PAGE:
How did Matt Skokie die? This was never the question American Crime was trying to pose to its audience. In fact, I don’t think American Crime really raises many questions at all. Everything American Crime‘s characters have done this season in their quest for truth has been used to twist the typical format of a procedural crime show, which is primarily concerned with the facts of the crime, offering a neat whodunit, and some happy-looking white people at the end. “Episode Eleven” offers no such solace, no such answers to the external facts at the heart of this season’s tragedy. In the end, tragedies don’t get closure or go away; we either move on or we don’t, and American Crime‘s final, karmic-seasoned episode presents no simple truths in either approach.
What’s surprising about American Crime‘s final hour is the presence of hope where all has been lost; even as Aubry lays dying from a suicide attempt (the second of the episode, the first leading to the second), she dreams of a world where her locked door opens and she sees Carter Nix rise from the dead to breathe again. That dream, as misleading as it may be, makes a haunting connection to Russ, whose loss of hope aligns neatly with Aubry’s, as everything he’s fought for all season comes crashing down around him. Gwen goes home with her family (odd she never really became a character in this whole thing, and her parents faded to the background), Mark and his daughter-in-law won’t talk to him, and Barb informs him Gwen’s family is selling the house he just fixed up. The house-building metaphor hasn’t been the most subtle part of American Crime, but it becomes a haunting, evocative image here: those without family are the most hopeless in the world. Russ was never able to build a new foundation on the house rebuilt on its own tragedy, and in the end, it turns out Chekov’s gun was for Russ all along, and not Barb (who finally realizes she needs to “let go,” a hard thing to do knowing you bought the gun your husband murdered someone and himself with).
That thread of family, strong in last week’s episode, really finds its home in the final episode, which offers a surprising amount of catharsis with Alonzo getting a new lease on life (with his family by his side, a wonderful subversion of Latino dramatic tropes), and the touching image of Eve and Aliyah sharing a hug after the news of Russ’s final actions break. In the smoldering piles of the world American Crime presented, it still offered us bits of positivity and hope sprinkled across its bleak canvas; those moments can’t quite escape the horror of Aubry or Carter’s death, but instead of remaining mired in its depressive qualities, American Crime ends with a series of moments that suggest that the world is completely screwed, but with a little luck and some love, we all might be able to survive the injustices of our fellow man.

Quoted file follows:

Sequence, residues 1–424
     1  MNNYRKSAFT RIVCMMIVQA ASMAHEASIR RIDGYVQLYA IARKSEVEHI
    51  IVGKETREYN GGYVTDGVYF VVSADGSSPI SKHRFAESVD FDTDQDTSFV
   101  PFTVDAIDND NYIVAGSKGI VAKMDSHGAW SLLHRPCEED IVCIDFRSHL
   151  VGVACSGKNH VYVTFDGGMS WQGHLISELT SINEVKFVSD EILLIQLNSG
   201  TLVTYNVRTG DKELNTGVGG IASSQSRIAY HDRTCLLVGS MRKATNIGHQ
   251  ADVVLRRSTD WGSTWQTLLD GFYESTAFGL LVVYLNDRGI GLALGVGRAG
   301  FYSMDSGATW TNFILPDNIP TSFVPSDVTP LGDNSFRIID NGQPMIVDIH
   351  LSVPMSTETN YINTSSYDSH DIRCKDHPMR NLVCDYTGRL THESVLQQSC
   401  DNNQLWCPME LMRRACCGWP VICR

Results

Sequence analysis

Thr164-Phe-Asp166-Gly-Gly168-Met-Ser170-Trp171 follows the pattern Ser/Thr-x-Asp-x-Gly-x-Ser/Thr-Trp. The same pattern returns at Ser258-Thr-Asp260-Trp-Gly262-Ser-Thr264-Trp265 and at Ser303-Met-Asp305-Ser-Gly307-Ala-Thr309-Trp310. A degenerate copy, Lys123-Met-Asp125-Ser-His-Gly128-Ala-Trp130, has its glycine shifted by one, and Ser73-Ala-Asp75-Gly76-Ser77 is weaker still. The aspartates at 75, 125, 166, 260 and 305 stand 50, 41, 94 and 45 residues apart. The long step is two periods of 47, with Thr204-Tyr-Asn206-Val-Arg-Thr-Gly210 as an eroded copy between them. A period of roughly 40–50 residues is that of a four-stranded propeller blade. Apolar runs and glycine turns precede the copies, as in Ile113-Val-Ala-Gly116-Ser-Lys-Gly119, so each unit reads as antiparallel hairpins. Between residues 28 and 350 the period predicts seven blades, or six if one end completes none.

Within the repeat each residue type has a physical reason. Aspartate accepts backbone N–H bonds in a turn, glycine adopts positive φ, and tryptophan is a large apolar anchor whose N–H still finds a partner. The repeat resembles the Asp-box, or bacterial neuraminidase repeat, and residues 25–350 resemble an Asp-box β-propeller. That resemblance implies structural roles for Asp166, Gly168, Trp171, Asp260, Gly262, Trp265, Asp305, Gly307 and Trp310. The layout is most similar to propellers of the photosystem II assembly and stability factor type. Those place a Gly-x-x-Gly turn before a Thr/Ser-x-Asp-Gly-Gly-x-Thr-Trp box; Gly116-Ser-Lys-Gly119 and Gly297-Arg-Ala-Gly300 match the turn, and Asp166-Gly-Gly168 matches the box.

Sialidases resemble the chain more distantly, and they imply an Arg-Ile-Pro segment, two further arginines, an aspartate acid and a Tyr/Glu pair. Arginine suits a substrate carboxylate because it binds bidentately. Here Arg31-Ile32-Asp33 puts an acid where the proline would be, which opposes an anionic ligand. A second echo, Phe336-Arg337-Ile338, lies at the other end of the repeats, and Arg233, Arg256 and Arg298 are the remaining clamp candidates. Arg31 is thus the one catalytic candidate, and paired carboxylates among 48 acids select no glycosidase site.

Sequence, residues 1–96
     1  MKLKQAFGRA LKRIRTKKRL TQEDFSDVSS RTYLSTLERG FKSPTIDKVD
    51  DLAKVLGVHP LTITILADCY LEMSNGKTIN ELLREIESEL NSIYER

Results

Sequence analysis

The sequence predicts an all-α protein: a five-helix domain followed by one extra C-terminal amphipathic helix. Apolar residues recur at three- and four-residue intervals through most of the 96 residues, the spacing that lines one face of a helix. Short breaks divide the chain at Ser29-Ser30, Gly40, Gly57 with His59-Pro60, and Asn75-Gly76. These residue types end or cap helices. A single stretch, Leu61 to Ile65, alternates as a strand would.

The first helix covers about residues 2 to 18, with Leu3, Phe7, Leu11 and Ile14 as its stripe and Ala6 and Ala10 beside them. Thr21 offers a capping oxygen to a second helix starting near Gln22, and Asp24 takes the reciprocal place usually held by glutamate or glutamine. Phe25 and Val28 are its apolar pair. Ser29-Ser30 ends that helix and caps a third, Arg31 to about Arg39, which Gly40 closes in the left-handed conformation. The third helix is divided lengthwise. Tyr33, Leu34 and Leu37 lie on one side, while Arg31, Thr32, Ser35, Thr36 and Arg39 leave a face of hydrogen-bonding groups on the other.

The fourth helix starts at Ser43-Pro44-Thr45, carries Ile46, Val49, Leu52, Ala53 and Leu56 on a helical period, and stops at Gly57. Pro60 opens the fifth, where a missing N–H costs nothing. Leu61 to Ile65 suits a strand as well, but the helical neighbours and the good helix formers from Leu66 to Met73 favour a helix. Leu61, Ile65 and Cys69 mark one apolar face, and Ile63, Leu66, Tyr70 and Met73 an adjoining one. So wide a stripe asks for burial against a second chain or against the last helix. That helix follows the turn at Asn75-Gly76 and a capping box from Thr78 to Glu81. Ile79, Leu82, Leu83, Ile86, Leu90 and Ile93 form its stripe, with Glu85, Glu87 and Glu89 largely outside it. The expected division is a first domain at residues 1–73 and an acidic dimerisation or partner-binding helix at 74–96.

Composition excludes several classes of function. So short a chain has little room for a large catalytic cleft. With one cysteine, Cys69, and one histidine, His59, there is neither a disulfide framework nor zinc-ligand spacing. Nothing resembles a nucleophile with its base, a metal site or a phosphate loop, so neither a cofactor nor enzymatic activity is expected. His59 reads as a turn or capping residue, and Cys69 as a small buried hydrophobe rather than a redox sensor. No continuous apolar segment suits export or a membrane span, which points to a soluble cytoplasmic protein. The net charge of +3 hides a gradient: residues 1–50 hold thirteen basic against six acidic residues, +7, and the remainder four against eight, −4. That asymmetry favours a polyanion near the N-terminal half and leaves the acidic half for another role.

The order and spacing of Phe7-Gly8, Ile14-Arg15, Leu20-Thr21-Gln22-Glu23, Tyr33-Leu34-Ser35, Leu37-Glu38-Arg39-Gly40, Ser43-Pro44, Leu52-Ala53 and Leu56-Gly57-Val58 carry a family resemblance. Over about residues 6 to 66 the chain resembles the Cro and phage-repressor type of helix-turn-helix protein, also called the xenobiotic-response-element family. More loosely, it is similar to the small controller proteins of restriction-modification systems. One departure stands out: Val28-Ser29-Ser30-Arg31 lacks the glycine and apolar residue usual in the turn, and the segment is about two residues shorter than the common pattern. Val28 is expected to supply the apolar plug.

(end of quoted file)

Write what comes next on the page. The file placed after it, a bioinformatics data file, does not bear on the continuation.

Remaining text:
The thoroughline of all these stories is the quest to get better: everyone at some point expresses their notion to be a better person. Is that possible? Hector, while talking to a potential employer, says he doesn’t feel changed or redeemed; he’s just found purpose in life, people he wants to make proud. Maybe that’s all it takes; a little compassion from other human beings, and it may bring out the best in ourselves. Sure, this stands in direct contrast to the doom and gloom of Aubry and Carter’s story (after all, Carter was trying to better himself, quitting drinking and attempting to make peace with whatever happened that night), but along with Alonzo’s smiling face and Barb finally connecting with her son (though the wife had to get all preachy right there – she really picks the worst times), it ends the series without quite the bleak ending I expected (though for the Skokie, Nix, and Taylor families, there will be no peace).
As flawed as American Crime could be with its melodramatic stories and thinly-realized characters, I’m glad to see this show get a second season under the visage of John Ridley. From the cinematic presentation of the story, to how well Ridley allows room for performance in the most critical moments, American Crime really did offer a different take on the typical crime procedural, an inverse of the laughably saccharine, sanitized worlds of modern-day Law and Order, Blue Bloods, and the like.
Unlike those shows, American Crime offers us no “winners” or ultimate truth outside its tenants of love and faith (in self, in family, in religion; however you want to read it) being the only solutions to a terrible world. However, this cruel, unforgiving world of pain is one of actions and reactions, and does offer the potential solace of everyone ‘getting what they deserve’ – and more importantly, the potential of every single day to get better as human beings, once we learn to let go of that control. And despite all the issues I might have with how American Crime got to that place, I can’t argue with that idea at all.
[Photo credit: Ryan Green/ABC]